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moloch05

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This report covers the animals that we saw along the road between Cooktown and the Iron Range. The drive takes about 8 hours or so. The road is mostly dirt with a few sections of paved road. The dirt track up Cape York is well maintained but dusty. We could average between 80-90kph over most of it until we left the road and drove east towards the Iron Range.
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We stopped in this area on the way north and then again at night when we were returning to Cooktown. It looked like great habitat and I think that there must be many species in this area. We did not see much but I think that it still was a little too dry. Now, after the rains have arrived, there would probably be more species active by day and night.
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At night, we found this beautiful Northern Velvet Gecko (Oedura castelnaui). These are climbers but this animal was on the ground when Nick spotted it.
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Northern Death Adder (Acanthophis praelongus) -- this was initially on the road. It then crawled into an area of deep leaf litter and simply dived beneath the leaves. It was able to vanish in an instant. It was really impressive to see how quickly the adder could disappear below the surface ... much like a Simoselaps diving into the sand.
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Mulga Snake (Pseudechis australis) -- Nick was especially happy to see this snake. He has looked for these on Cape York for years without success. Their populations were decimated by Cane Toads so seeing this healthy adult was a good sign. The snakes must be learning not to touch the toads.
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We saw several Frilled Lizards (Chlamydosaurus kingii). These were my first live animals. It was great to see them bipedal off the road and then race to eucalyptus or try to hide in burned grass trees. We did not try to corner an animal so did not see the impressive threat display.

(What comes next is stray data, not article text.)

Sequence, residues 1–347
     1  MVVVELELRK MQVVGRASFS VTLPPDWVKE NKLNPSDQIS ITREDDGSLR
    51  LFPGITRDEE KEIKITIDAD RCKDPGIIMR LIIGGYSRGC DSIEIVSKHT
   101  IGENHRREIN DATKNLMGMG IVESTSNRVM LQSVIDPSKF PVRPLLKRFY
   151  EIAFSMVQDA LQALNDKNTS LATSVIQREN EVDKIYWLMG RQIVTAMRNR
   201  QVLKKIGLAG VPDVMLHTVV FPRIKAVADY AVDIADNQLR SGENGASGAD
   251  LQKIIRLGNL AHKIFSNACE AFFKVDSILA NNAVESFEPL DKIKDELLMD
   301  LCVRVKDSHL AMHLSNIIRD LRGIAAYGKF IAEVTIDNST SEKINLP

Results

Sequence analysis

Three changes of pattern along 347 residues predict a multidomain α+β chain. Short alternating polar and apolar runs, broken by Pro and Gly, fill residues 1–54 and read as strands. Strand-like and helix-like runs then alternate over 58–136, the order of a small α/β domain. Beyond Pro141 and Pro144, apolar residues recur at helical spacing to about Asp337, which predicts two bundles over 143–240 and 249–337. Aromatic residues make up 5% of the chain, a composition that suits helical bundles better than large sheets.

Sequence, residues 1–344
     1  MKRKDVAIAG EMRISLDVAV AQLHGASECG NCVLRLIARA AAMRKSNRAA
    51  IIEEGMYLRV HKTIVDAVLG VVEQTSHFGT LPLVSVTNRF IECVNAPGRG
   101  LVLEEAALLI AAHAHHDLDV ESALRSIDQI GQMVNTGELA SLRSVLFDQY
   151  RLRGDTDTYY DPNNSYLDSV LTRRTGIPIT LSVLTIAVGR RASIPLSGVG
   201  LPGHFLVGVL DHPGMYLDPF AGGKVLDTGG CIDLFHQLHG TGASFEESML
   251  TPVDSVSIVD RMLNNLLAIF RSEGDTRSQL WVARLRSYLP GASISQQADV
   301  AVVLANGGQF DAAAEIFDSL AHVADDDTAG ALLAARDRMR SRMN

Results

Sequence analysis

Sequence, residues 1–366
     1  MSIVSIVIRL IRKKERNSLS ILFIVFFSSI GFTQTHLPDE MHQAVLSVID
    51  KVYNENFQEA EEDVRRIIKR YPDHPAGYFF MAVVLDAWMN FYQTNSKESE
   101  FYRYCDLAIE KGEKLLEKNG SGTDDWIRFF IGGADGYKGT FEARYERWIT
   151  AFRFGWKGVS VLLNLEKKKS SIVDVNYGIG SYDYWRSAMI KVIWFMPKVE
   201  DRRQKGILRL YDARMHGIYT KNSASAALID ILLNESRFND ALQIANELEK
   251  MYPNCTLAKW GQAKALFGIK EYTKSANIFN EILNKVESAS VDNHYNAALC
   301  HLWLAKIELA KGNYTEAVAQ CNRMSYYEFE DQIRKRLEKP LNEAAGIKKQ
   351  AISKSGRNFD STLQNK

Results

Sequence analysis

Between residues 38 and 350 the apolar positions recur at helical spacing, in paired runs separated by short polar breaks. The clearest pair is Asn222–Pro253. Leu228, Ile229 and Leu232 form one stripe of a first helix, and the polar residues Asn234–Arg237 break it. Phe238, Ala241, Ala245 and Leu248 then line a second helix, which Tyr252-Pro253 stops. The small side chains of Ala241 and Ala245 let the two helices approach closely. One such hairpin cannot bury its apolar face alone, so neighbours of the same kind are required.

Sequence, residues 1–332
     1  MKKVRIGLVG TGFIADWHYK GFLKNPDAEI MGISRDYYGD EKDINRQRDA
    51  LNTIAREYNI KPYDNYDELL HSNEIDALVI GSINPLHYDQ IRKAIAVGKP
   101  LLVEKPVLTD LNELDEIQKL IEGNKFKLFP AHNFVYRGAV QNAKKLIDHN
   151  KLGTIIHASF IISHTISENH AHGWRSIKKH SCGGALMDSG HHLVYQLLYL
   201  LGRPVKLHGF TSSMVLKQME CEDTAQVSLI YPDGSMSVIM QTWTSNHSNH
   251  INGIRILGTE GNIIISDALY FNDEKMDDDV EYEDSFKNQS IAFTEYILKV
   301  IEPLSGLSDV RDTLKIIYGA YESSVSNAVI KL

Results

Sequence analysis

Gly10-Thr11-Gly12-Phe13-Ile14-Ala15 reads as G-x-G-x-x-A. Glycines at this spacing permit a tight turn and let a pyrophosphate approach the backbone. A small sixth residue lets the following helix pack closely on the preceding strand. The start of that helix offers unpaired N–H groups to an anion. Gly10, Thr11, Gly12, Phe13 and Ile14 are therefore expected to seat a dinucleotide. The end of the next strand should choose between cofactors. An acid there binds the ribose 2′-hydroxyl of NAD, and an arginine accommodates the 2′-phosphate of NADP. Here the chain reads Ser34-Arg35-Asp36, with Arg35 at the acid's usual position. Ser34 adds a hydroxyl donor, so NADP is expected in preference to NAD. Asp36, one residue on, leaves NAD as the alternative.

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Much of the peninsula appears to be burned at the end of the dry season:
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This habitat was still productive for the smaller lizards. On one stop, we very quickly found four species of lizards including these Two-lined Dragons (Diporiphora bilineata) that varied considerably in pattern and colour:
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Sandy Rainbow Skink (Carlia dogare) -- this is a pair of what I think to be C. dogare, a species restricted to the Cape York Peninsula. These were common in an area with granite boulders that had been recently burned.

... female
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... breeding male
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I think that the following are female Lively Rainbow Skinks (Carlia vivex). They were common in grassy areas.
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Cryptoblepharus metallicus -- I think that this tiny skink is a C. metallicus. Cryptoblepharus was recently split by Horner and there now are a whole host of new species.
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Spotted Tree Monitor (Varanus scalaris) -- this was a tiny species of monitor that lived in a hole within one of the posts of the gate.
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We stopped at a dam near the Musgrave Station. This area is home to one of our most beautiful but unfortunately endangered birds, the Golden-shouldered Parrot. These birds nest within holes in termite mounds. I believe that their populations have been adversely affected by grazing and fire regimes where fire is too frequent. The birds will come to this waterhole every morning but unfortunately use it erratically late in the day. Nick and I watched the waterhole for several hours but never saw the special parrot. We did see many other species:

Rainbow Lorikeet, Pale-headed Rosella, Great Bowerbird and Blue-faced Honeyeater:
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left-to-right: Olive-backed Oriole, Great Bowerbird, Pale-headed Rosella, Blue-faced Honeyeater, Great Bowerbird, Rainbow Lorikeet, Little Friarbird, Blue-faced Honeyeaters:
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Pale-headed Rosella:
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Pied Butcherbird -- a beautiful songster:
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River crossing -- it rained heavily the night before our departure from the Iron Range. The roads in central Cape York became slippery. Here was a small river crossing:
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We were held up for awhile by this Road Train that was heading to Lockhart River. The clay was slippery and the tires of the tractor could not get sufficient grip to pull the trailer up the river bank. We had to help the driver uncouple the second trailer and then pull these one at a time up to level ground.
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moloch05

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Thanks, mel. Cape York is an interesting place and herp rich.

Regards,
David
 

levis04

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wow mate pics unreal.
keep them comming.
 
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